Tough tone of Trichet letter to spark new controversy
The letter is understood to threaten the removal of emergency funding
The tone of the letter from then ECB president Jean-Claude Trichet to the former finance minister Brian Lenihan is supposed to be surprising. Photographer: Hannelore Foerster/Bloomberg
New controversy about the role of the European Central Bank as Ireland entered the EU-IMF bailout in November 2010 will be fuelled by the expected release of a letter from then ECB president Jean-Claude Trichet to the former finance minister, Brian Lenihan.
The letter is understood to contain a direct threat of removing emergency funding then being provided to the Irish banking system if Ireland did not enter the bailout.
The tone of the letter is believed to be surprising, given that it was sent on November 19th, when there appeared no option for Ireland but to enter the bailout process.
The previous day the Central Bank governor, Patrick Honohan, had appeared on RTÉ’s Morning Ireland programme and said that Ireland now had no choice but to do so.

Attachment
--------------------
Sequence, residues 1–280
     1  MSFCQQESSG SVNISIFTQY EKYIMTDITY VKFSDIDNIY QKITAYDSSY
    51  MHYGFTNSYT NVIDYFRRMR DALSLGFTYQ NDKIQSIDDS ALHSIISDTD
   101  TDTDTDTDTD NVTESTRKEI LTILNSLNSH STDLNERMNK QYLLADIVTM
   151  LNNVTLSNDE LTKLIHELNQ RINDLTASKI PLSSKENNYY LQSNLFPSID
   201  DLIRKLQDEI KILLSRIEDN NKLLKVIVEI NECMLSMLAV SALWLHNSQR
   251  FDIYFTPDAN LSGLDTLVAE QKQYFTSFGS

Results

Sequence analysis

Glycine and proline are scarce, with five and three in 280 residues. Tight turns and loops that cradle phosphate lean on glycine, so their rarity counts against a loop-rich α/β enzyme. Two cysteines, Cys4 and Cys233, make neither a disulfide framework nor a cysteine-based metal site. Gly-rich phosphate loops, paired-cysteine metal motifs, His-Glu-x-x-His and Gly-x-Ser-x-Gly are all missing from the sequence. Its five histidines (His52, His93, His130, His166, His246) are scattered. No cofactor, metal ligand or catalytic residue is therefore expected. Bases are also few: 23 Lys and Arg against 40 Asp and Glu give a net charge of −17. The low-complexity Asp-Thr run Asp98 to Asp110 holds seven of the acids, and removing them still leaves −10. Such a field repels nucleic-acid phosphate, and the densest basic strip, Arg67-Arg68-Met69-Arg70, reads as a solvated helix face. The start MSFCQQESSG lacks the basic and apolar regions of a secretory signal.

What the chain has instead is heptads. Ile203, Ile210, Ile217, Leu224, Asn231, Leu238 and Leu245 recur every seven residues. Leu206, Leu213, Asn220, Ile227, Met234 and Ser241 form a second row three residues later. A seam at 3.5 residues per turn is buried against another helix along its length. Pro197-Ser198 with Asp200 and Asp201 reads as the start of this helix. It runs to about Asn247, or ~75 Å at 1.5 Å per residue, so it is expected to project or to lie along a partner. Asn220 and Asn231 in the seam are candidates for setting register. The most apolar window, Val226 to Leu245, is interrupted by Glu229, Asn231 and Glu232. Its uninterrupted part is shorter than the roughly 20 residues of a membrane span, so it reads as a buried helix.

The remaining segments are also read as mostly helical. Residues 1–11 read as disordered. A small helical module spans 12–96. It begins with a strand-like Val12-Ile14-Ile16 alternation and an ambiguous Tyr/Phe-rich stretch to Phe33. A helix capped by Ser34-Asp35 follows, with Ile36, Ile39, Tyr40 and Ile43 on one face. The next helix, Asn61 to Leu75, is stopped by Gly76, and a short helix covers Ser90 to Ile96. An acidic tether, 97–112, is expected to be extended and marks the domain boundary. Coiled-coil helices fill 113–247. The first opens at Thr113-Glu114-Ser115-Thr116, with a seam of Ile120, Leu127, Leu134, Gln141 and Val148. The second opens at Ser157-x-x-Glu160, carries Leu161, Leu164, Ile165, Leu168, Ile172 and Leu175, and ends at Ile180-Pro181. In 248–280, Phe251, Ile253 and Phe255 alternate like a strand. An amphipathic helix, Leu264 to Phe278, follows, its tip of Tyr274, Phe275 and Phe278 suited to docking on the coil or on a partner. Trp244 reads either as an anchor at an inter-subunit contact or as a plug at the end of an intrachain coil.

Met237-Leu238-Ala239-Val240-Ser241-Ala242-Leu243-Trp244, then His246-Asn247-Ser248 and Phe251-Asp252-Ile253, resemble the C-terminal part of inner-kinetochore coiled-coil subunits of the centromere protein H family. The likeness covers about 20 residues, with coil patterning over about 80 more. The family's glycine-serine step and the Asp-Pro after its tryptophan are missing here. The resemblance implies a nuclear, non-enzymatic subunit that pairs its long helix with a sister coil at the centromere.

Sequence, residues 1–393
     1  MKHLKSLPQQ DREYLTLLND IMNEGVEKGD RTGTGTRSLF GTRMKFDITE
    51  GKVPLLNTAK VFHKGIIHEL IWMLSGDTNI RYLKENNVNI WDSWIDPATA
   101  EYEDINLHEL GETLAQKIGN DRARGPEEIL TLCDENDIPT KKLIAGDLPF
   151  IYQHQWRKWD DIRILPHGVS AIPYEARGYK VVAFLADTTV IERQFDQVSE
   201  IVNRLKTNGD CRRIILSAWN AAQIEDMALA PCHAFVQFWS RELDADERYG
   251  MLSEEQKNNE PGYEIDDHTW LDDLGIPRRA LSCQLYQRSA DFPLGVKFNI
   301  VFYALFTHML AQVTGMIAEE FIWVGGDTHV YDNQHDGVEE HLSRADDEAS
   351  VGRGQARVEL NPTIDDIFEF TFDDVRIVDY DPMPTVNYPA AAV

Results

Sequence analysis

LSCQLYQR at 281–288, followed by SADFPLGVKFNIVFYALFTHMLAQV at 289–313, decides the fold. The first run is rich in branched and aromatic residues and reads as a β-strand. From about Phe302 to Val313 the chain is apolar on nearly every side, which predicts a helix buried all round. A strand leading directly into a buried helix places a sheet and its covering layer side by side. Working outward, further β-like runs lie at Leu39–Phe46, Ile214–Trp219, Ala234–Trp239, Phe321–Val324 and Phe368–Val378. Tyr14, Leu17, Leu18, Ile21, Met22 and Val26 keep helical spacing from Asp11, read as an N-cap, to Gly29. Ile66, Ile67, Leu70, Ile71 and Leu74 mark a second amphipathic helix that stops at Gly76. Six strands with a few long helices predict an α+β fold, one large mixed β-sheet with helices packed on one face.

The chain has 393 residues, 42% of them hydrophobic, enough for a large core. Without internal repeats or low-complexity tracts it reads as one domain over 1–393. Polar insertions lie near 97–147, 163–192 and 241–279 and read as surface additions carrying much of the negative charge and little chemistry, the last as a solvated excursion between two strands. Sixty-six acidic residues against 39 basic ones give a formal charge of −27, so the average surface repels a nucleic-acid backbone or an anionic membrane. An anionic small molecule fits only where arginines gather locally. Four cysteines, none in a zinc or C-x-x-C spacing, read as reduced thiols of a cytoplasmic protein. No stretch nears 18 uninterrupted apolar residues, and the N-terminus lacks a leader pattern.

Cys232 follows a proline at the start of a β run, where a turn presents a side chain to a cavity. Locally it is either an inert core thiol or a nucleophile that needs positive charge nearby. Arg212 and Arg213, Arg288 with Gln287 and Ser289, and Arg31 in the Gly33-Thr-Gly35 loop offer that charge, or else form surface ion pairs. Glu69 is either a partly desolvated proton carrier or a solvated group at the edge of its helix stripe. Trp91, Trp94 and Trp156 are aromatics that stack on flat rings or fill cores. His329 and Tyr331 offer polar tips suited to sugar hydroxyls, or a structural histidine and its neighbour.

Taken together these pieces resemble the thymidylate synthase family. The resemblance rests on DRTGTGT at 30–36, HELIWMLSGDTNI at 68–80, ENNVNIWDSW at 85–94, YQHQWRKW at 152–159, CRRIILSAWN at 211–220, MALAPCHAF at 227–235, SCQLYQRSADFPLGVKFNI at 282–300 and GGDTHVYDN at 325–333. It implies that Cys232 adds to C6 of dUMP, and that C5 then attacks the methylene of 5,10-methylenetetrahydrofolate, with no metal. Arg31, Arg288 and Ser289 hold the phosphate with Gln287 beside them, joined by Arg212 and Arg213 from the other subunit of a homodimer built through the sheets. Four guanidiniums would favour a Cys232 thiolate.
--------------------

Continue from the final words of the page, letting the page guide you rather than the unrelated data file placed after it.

The ECB governing council will consider the release of the letter next Thursday. The fact that it is on the council agenda suggests its release is likely, and could come late next week or early the following week.
Change of mind
The late Mr Lenihan had indicated there was also a communication from the ECB around the previous Friday, November 12th, but there does not appear to have been a formal letter that day.
The letter of the 19th refers explicitly to the ECB support of the Irish banking system and particularly the emergency liquidity assistance.
This was some €50 billion in funding provided to the Irish banks by the Central Bank of Ireland, which could be ended quickly by a decision by the ECB council.
In 2012 The Irish Times reported on the details of three ECB letters sent in November 2010, which built up the pressure on the government, but the full text of the key letter of November 19th has never emerged.
The release of the letter would spark debate on whether the ECB went beyond its proper role as a central bank in its communications with the government in the run-up to the bailout.